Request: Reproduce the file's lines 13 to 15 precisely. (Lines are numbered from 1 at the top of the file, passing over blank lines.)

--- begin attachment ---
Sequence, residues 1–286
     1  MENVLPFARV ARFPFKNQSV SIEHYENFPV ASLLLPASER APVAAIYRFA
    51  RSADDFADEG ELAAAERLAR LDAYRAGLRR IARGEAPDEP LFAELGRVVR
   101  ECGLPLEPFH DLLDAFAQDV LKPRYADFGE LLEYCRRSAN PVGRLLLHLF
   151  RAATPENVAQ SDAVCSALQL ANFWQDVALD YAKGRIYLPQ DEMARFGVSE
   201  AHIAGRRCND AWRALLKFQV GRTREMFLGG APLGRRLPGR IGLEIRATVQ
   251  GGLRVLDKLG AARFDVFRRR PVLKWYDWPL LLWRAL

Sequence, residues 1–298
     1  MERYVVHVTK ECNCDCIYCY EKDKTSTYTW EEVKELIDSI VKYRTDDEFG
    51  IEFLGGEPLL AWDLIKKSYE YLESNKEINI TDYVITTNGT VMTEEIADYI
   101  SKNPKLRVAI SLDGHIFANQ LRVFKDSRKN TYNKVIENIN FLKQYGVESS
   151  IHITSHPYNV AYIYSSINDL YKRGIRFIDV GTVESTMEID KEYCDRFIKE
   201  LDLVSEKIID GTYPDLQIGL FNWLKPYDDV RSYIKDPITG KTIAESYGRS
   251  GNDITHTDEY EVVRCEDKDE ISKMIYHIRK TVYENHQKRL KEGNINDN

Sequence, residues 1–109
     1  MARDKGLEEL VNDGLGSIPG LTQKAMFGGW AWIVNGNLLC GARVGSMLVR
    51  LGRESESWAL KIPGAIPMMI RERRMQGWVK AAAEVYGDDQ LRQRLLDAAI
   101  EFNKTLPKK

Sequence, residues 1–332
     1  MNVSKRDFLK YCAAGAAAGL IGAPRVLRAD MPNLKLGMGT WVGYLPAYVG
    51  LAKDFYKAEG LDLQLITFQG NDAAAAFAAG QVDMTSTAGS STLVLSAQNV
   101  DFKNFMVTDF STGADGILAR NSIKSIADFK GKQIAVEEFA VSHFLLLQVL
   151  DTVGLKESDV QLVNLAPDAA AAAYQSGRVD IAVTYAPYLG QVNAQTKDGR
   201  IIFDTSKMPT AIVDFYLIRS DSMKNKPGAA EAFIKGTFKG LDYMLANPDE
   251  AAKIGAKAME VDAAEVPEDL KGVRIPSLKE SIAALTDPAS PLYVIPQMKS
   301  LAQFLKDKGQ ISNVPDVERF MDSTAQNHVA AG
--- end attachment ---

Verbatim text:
   201  LDLVSEKIID GTYPDLQIGL FNWLKPYDDV RSYIKDPITG KTIAESYGRS
   251  GNDITHTDEY EVVRCEDKDE ISKMIYHIRK TVYENHQKRL KEGNINDN

Sequence, residues 1–109